Constitution of the United States

The Legislative Branch

Qualifications/Expectations of a Congressman or Senate.

In Article I; Section II, of the U.S. Constitution, there are three qualifications to be apart of the House of representatives.


  • He/She must be 25 years of age.
  • Has been a citizen of the United States for at least seven years.
  • Currently lives or inhabits the state you wish to represent.


There are no formal required duties assigned to a member of the House, so they are free to choose their duties as they see fit. Their job, however, is to represent his constituents, or members of the voting community.



In Article I; Section III, of the U.S. Constitution, there are three qualifications to be a member of the Senate, however there are far more restrictions than a Congressman's expectations.



  • He/She must be 30 years of age.
  • Has been a citizen of the United States for at least nine years.
  • They do not have to live or inhabit the state they currently wish to represent.



The Senate is an elite body in order to produce a further check on the powers of the House of Representatives. Their job is to ensure the equality with power among the different bodies of representatives.

The Meeting Times of Congress

The 20th Amendment, formally passed, changed the date of the opening of the regular session of Congress to January 3, every year.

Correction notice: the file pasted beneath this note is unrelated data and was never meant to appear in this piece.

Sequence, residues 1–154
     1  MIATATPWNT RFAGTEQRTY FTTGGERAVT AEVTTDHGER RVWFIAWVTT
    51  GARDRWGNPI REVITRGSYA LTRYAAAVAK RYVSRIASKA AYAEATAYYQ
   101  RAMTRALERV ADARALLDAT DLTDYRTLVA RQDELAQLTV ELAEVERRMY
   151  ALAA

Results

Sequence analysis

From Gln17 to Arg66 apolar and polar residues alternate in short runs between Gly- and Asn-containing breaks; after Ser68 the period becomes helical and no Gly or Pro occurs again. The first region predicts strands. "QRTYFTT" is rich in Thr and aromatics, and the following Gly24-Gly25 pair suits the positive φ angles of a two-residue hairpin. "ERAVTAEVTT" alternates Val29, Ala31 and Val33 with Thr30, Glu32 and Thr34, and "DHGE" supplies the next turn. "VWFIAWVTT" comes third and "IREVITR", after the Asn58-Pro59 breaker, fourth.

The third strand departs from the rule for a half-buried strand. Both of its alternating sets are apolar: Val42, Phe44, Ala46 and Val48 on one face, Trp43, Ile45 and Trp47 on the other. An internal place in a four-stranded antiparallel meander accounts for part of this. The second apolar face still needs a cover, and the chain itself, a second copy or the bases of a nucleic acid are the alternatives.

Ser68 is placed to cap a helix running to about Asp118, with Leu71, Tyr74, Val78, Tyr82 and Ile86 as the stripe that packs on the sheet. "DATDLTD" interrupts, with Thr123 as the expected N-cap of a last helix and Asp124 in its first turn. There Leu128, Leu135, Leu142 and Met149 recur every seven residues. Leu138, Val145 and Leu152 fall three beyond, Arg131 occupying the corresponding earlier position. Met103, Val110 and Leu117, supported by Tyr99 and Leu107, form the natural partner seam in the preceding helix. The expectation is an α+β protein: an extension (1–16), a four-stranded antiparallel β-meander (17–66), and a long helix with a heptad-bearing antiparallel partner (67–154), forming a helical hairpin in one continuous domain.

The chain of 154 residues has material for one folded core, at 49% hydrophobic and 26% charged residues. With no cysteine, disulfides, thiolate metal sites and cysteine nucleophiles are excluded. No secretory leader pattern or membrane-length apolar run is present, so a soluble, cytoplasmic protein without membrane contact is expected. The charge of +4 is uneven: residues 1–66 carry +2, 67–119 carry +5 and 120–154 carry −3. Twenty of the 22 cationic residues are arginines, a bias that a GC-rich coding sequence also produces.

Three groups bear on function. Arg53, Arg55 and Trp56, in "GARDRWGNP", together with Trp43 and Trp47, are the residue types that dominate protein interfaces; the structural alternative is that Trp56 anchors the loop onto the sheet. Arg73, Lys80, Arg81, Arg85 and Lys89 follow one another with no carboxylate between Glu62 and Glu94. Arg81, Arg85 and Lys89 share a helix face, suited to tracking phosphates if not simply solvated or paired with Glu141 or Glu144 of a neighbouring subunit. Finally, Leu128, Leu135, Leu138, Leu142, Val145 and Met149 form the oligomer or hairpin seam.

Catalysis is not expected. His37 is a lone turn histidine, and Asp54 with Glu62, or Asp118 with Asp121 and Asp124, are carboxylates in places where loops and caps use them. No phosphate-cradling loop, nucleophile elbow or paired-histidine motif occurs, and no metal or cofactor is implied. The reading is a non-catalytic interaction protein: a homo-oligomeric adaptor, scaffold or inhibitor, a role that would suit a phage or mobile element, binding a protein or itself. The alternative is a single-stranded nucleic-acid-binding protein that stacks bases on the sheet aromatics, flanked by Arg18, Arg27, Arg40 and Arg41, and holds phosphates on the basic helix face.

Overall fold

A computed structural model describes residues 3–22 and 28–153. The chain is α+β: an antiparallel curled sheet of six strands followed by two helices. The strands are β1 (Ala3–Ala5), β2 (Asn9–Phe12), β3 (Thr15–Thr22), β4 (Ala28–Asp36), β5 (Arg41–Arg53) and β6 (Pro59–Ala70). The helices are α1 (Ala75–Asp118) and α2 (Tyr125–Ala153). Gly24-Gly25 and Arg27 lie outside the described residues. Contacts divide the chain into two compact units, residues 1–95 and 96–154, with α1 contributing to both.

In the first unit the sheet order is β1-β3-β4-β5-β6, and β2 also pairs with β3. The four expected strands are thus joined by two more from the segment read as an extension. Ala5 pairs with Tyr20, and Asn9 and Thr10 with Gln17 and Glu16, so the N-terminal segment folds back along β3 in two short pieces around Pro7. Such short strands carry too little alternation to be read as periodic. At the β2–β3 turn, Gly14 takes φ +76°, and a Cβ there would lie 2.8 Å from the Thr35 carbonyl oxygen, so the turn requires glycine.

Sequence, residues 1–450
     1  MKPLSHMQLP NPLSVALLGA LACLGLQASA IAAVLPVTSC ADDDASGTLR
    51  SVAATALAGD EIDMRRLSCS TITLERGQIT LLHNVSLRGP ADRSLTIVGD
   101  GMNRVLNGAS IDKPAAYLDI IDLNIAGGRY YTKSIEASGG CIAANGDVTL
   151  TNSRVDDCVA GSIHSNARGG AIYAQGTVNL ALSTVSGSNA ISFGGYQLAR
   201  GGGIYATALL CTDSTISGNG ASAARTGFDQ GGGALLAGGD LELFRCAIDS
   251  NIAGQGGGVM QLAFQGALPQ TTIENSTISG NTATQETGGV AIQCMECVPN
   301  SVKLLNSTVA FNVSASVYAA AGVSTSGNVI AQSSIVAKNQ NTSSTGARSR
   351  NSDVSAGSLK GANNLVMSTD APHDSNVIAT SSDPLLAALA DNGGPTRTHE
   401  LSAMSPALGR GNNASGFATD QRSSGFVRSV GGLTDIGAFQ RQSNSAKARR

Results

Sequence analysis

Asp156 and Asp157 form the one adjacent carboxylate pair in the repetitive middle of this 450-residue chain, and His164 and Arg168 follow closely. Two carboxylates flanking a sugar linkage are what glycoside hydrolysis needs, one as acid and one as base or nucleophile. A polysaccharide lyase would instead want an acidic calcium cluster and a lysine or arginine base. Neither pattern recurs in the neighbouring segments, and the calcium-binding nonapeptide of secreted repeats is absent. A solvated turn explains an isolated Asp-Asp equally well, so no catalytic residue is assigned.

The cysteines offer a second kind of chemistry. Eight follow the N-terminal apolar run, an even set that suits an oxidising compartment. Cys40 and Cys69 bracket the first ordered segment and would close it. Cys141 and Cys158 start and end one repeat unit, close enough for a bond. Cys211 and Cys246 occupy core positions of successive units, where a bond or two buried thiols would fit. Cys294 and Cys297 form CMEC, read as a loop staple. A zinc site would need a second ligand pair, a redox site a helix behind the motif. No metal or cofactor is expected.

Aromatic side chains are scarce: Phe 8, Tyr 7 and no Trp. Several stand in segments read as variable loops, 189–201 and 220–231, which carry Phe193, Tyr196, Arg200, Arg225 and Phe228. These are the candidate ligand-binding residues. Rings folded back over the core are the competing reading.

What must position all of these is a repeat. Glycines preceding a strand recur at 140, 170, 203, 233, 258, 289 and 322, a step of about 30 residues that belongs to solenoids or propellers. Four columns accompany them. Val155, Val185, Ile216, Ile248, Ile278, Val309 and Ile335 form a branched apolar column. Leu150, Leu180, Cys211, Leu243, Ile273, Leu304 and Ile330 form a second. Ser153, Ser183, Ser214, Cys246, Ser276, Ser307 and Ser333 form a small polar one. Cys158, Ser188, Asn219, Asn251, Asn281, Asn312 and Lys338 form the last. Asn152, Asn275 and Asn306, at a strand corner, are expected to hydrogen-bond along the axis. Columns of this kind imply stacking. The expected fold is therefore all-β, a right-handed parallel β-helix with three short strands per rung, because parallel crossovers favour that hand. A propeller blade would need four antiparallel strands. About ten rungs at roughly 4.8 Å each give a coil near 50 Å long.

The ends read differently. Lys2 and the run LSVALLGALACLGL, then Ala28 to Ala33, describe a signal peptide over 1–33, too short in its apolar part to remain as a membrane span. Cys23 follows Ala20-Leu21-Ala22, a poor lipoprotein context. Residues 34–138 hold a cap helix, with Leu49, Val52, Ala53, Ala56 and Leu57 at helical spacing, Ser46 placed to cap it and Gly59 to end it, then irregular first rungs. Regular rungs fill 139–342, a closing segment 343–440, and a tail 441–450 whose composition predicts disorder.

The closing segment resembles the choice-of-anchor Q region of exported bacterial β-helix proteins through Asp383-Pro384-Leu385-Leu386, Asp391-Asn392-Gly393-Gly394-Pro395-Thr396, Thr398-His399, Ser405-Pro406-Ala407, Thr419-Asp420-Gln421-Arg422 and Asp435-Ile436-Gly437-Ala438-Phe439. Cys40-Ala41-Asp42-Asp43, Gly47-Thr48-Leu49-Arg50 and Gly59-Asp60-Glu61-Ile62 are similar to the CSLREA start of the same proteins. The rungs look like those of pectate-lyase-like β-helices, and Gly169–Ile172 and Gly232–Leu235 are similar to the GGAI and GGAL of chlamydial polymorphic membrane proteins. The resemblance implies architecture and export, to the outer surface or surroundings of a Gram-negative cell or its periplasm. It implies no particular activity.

Powers Granted to a Congressman/Senate

They are allowed the Freedom of Speech and to discuss their opinions freely without restrictions or be sued by another member. They cannot be arrested while congress is in session, except for treason, major crimes, or breaking the peace of a session. Members are paid a big $133,600.


However, they cannot pass laws that allow them to have personal gain. This clause also prevents the President from promising them jobs in other branches of the federal government.

Rules of Congress

Each house sets its own rules, can punish its members for disorderly behavior, and can expel a member by a two-thirds vote.

How a Bill Becomes a Law

A bill that comes forward is created by a committee and wants it to be signed, but for it to be signed it must be signed by members of Congress and must be signed by the president. They then contact Congress and if passed they return it to the committee. If the president disapproves of the bill, it is returned to the house where it originated, along with a written explanation of why it was rejected.